Methods: Renal calculi of 4.5, 13.5, and 64.6 mm3 were suspended in urine in the model and taken for 20 rides on the Big Thunder Mountain Railroad roller coaster at Walt Disney World’s Magic Kingdom theme park in Orlando, Florida. The effects of the rides were analyzed according to stone size, calyceal location, position on roller coaster, and renal calculi passage.

Results: 60 renal calculi rides were examined. Front seating in the roller coaster resulted in 4 of 24 stone passages (16.7%), whereas rear seating on the roller coaster resulted in 23 of 36 passages (63.9%). For rear-seated passengers, upper, middle, and lower calyceal locations had 100.0%, 55.6%, and 40.0% passage rates, respectively.

Conclusions: The pyelocalyceal renal model was used to demonstrate that roller coaster riding may be an activity to facilitate stone passage. Rear seating on the roller coaster led to the most renal calculi passages.

Reviewer’s Comments: This article received a lot of lay press when it was published. It showed that the rigors of riding a roller coaster may facilitate stone passage.

Even though it led to a lot of discussion, the study itself is essentially a joke.

The model used is a simple silicone model of a kidney with stone passage defined as a stone getting to the ureteropelvic junction area of the model. It does not simulate real-life kidney stones in that in vivo kidney stones may be attached to papilla, have peristaltic forces of the renal pelvis and ureter, and the kidney itself does not shift as much in the human body as a plastic model in a backpack. The authors go on to even suggest that individuals who may be at risk for developing kidney stones ride a roller coaster to pass small flakes, which would not be as painful. I don’t think telling our patients to ride roller coasters is sound medical advice. All this model shows us is that roller coasters cause things to move or bounce around if unsuspended – I do not think it takes a study to prove that to us.(Reviewer–David A. Duchene, MD).

Author: Mitchell MA, Wartinger DD
Author Email: david.wartinger@hc.msu.edu

Got stones? What to do with them in the kidney but they aren’t blocking- a very common question.

Your Best Management for Asymptomatic Nonobstructing Kidney Stones

Urology – August 30, 2015 – Vol. 33 – No. 2

Lower-pole kidney stones are less likely to become symptomatic during observation.

Article Reviewed: The Natural History of Nonobstructing Asymptomatic Renal Stones Managed With Active Surveillance. Dropkin BM, Moses RA, et al: J Urol; 2015;193 (April): 1265-1269.

Objective: To determine the natural history of observed nonobstructing asymptomatic kidney stones and factors associated with eventual stone-related events.

Design: Retrospective chart review of the records of 160 kidney stones in 110 patients on active surveillance.

Methods: Stone characteristics, patient characteristics, and stone-related parameters were evaluated to determine factors for stone-related symptoms, spontaneous passage, requirement for surgical intervention, and stone growth.

Results: 160 stones with an average size of 7.0 mm ± 4.2 mm in 110 patients were followed up 41 ± 19 months. A total of 28% (45 of 160) of stones caused symptoms and 2% (3 of 160) caused silent obstruction on average of 37 ± 17 months. Upper-pole/mid-pole stones were more likely than lower-pole stones to become symptomatic (40%) or pass spontaneously (15%). No other factors demonstrated statistical significance in predicting symptoms.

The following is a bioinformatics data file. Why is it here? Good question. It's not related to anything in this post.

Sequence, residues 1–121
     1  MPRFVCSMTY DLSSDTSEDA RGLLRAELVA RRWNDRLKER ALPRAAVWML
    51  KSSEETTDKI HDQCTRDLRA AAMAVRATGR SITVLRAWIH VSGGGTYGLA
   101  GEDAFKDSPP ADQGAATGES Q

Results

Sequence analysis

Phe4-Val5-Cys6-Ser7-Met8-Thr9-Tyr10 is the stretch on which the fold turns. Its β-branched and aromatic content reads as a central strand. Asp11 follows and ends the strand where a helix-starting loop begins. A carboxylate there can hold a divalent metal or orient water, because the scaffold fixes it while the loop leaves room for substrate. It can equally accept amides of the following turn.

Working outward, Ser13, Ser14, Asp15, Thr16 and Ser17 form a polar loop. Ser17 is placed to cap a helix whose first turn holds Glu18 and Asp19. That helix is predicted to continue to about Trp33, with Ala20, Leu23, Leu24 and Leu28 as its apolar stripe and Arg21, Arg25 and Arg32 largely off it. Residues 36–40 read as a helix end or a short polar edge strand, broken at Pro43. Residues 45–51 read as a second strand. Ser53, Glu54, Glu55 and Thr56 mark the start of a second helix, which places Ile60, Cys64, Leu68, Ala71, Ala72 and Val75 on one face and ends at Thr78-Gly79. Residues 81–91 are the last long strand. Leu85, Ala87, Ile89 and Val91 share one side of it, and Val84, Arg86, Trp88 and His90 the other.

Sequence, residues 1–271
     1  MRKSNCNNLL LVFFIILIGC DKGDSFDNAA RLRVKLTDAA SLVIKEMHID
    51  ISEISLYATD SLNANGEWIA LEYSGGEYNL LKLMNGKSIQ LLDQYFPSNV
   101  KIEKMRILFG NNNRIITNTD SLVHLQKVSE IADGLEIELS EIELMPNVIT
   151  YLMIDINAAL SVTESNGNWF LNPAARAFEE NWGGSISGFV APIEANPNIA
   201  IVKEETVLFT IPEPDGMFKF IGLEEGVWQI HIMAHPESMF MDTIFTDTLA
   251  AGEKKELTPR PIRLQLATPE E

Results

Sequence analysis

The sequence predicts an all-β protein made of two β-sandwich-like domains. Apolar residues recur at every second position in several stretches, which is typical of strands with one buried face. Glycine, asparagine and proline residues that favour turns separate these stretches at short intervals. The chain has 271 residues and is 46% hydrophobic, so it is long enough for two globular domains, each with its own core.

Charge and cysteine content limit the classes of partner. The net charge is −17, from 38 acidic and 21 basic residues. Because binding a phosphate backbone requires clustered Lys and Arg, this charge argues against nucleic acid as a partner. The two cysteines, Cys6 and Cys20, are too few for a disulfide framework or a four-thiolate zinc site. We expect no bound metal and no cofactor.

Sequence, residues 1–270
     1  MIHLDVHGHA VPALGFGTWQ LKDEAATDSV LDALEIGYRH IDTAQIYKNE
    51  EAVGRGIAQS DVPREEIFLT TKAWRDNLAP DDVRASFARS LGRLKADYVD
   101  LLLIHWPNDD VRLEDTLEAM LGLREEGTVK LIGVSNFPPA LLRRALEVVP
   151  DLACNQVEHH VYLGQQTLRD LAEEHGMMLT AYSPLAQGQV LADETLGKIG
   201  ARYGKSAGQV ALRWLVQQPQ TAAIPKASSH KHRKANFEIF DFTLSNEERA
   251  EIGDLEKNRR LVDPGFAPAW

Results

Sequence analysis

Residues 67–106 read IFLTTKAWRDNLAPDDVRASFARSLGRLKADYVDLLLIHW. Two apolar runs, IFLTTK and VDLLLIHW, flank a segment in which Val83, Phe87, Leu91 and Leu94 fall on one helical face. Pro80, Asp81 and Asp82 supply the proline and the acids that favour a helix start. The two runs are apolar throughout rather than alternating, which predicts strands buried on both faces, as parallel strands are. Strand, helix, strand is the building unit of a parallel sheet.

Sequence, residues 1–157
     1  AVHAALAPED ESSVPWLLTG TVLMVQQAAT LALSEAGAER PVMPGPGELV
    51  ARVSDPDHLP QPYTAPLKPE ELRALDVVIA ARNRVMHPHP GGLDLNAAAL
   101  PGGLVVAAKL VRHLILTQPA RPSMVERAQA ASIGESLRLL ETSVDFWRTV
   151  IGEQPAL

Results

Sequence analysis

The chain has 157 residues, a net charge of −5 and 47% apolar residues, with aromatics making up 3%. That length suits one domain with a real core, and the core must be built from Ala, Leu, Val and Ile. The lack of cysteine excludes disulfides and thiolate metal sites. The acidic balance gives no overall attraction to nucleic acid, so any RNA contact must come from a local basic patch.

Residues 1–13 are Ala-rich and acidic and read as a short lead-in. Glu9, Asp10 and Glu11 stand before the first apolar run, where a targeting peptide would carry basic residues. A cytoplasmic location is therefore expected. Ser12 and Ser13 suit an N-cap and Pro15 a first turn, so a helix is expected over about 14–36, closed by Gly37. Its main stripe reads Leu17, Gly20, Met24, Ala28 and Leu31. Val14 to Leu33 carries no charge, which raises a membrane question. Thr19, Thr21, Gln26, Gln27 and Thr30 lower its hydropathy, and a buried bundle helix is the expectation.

Conclusions: Over a 3-year period, most asymptomatic nonobstructing renal calculi remained asymptomatic. Approximately 30% caused symptoms, 20% required surgical intervention, 20% grew >50% initial size, and 7% passed spontaneously. Lower-pole stones caused fewer issues than upper- or mid-pole stones. Silent obstruction may occur and necessitates regular imaging and follow-up of even asymptomatic stones.

Reviewer’s Comments: This is a very nice article following the natural history of asymptomatic nonobstructing kidney stones, which are often picked up on imaging for other indications. It shows almost identical results to previous studies, which is that over a specified period (average of 3 years in this study), approximately 30% of stones will become symptomatic or need intervention. In this study, however, if you account for patients (instead of stones), nearly 40% became symptomatic over the study period. One must also consider that 20% of stones in this study grew >50% their original size. A small percentage developed silent obstruction, which is the most concerning aspect in regard to possible renal function loss. The authors conclude that most stones remain asymptomatic over time and hint that active surveillance may be the best option. The authors make a very valid point. However, the debate becomes whether you and your patient consider 30% to 40% as an acceptable number. Are we really saving 70% of individuals from needed intervention or having symptoms, or are we just delaying the inevitable? With the exception of uric acid stones, which may dissolve, stones do not disappear. I think with longer follow-up, more will eventually become symptomatic.